It’s been a busy festive season and we’ve been beavering away getting things in place for next year.
Canal & River Trust’s Open Locks day at Lock 2, Marple, was a big success. Over 700 people attended and we were there too! We started to collect local people’s memories about Marple Aqueduct.
A highlight included one man who regaled us with stories of his younger days when he used to jump across the canal on to the off-side and end up just inches away from the 100 foot drop! Stories gathered throughout the three year project will form part of an oral history project which will allow people using the Aqueduct to understand its part in Marple’s local history.
Our stall also included the Explorers’ Katie Jackson delivering our SAFE message, a public consultation on safety railings to be added to Marple Aqueduct, and a chance to find out about volunteer opportunities on the project. Surprise visitor of the day was Samuel Oldknow who popped down to inspect the work!
Mellor Archaeological Trust were out in force at this year’s Marple Bridge Winter Wonderland, telling people all about our project and the other work they do. It was a bright day after a worrying evening of snow and sleet, and they braved the cold to join shoppers on this festive day.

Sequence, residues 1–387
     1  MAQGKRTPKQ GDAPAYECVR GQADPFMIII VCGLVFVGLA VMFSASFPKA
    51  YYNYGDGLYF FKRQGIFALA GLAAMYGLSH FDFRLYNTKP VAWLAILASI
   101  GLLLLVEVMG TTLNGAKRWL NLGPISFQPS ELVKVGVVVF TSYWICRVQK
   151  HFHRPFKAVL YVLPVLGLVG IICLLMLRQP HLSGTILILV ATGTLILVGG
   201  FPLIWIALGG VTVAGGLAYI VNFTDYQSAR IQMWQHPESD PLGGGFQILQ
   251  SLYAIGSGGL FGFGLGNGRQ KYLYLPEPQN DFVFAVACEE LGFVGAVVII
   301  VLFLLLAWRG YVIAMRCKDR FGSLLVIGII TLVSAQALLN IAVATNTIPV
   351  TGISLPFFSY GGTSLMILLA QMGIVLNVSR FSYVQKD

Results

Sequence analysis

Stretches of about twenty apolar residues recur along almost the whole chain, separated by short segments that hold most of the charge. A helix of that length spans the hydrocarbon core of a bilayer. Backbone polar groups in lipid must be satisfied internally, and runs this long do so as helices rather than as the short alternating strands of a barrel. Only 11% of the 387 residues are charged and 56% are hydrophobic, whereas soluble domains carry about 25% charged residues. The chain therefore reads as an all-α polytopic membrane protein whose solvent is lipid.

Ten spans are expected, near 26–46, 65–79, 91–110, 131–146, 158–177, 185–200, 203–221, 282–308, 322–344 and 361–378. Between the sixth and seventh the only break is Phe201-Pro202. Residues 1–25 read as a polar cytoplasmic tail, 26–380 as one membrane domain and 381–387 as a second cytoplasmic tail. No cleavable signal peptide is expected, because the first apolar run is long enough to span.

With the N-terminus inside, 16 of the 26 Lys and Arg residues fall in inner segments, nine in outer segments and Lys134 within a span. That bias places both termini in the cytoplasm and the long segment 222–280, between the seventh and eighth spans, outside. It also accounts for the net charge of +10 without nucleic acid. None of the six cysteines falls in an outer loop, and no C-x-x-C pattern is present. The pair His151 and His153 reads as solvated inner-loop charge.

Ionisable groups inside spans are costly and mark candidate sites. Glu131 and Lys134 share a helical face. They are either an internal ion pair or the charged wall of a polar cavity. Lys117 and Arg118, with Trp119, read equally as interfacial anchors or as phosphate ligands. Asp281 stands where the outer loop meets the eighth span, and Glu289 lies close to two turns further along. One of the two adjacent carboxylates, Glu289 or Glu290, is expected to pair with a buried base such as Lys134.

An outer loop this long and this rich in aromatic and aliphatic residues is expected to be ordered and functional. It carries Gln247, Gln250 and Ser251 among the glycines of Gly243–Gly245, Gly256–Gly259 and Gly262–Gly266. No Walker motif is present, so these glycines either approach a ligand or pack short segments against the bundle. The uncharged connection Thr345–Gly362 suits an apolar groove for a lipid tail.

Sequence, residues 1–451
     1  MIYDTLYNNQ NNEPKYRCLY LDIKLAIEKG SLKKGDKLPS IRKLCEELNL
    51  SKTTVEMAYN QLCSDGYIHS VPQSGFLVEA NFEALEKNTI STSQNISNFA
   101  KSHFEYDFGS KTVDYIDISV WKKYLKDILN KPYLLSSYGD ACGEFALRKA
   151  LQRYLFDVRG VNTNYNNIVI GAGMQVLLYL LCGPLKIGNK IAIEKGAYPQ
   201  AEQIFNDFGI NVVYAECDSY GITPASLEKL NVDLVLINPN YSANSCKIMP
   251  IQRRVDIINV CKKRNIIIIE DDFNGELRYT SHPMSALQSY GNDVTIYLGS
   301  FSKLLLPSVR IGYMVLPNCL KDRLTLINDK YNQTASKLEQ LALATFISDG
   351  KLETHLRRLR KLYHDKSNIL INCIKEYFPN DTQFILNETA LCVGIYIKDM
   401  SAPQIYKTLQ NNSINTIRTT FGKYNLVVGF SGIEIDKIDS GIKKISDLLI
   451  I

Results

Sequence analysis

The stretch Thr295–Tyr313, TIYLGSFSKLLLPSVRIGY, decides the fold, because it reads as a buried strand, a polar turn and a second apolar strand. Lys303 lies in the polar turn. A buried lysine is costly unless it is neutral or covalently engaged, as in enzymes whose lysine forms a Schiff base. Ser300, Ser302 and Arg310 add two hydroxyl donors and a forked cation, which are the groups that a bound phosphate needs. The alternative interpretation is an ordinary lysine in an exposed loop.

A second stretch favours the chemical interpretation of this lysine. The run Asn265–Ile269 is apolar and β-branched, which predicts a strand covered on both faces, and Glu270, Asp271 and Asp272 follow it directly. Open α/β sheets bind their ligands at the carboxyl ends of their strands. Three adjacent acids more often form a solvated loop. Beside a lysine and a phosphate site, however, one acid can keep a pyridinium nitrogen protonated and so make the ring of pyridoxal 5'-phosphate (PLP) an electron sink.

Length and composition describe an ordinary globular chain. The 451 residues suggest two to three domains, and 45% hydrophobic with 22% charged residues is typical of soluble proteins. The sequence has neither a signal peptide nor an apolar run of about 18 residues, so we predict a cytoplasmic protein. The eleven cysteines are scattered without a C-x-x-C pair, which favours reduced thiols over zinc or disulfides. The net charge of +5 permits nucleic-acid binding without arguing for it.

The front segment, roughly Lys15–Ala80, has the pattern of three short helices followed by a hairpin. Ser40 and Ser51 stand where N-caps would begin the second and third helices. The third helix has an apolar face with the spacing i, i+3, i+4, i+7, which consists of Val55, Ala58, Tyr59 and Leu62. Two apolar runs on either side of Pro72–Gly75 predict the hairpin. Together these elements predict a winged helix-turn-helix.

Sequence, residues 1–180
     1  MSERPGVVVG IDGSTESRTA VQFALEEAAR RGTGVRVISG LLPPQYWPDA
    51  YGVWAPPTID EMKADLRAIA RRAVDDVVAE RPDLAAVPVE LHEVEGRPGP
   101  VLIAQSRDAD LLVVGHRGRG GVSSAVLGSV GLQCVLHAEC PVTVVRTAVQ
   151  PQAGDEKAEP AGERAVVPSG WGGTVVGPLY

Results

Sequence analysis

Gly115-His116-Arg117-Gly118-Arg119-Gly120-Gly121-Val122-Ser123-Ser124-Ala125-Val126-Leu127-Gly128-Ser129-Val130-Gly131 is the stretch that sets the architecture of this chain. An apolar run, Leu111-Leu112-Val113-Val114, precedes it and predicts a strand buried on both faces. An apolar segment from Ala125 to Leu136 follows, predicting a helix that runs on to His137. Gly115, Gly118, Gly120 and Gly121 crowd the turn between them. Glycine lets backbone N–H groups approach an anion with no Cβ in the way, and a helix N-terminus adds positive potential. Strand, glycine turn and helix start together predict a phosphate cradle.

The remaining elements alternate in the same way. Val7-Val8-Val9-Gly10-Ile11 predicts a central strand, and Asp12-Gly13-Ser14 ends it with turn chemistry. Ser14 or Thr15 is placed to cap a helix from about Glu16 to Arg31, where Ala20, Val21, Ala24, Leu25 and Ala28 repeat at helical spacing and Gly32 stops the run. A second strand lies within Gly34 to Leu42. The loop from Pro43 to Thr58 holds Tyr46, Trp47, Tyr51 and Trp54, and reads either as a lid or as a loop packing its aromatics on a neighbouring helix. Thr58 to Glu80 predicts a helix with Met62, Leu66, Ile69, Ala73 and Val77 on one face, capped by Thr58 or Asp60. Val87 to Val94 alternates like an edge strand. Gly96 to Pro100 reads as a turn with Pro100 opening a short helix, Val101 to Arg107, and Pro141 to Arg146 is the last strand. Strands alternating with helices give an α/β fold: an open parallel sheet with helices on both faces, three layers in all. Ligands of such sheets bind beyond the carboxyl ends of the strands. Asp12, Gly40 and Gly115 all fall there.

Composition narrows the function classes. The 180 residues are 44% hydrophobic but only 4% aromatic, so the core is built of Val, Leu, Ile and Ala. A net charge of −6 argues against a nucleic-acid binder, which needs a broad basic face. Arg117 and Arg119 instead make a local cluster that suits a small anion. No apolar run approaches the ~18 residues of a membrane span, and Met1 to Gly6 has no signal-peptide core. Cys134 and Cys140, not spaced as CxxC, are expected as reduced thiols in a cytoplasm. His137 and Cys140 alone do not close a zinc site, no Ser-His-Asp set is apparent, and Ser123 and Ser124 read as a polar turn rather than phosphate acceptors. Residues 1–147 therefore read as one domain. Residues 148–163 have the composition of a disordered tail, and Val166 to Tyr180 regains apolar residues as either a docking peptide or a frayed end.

Mellor Mill archaeological site will be closed until the end of January, as Bob, Rachel and the team get it prepared for the next phase of work. Long-time volunteers will be excited to learn of the impending arrival of welfare facilities! During this time a digger will be on site, clearing the enormous piles of earth which have been dug up by volunteers over the last year and making safe paths for visitors. You can still keep an eye on progress as you wander past on your winter walks, and of course the Roman Lakes Tearoom remains open for much welcomed hot drinks and delicious food.
Join us on an exciting journey around Samuel Oldknow's stomping ground, Mellor Mill and the Peak Forest Canal in Marple.
In 2014, Mellor Archaeological Trust and the Canal & River Trust joined forces to reveal Oldknow’s legacy. The three year project was designed to conserve and interpret Oldknow’s legacy through archaeology, learning and volunteering opportunities.
Although now complete, you can still discover who Samuel Oldknow was and why he's a big deal? Read our blog posts to find out more.
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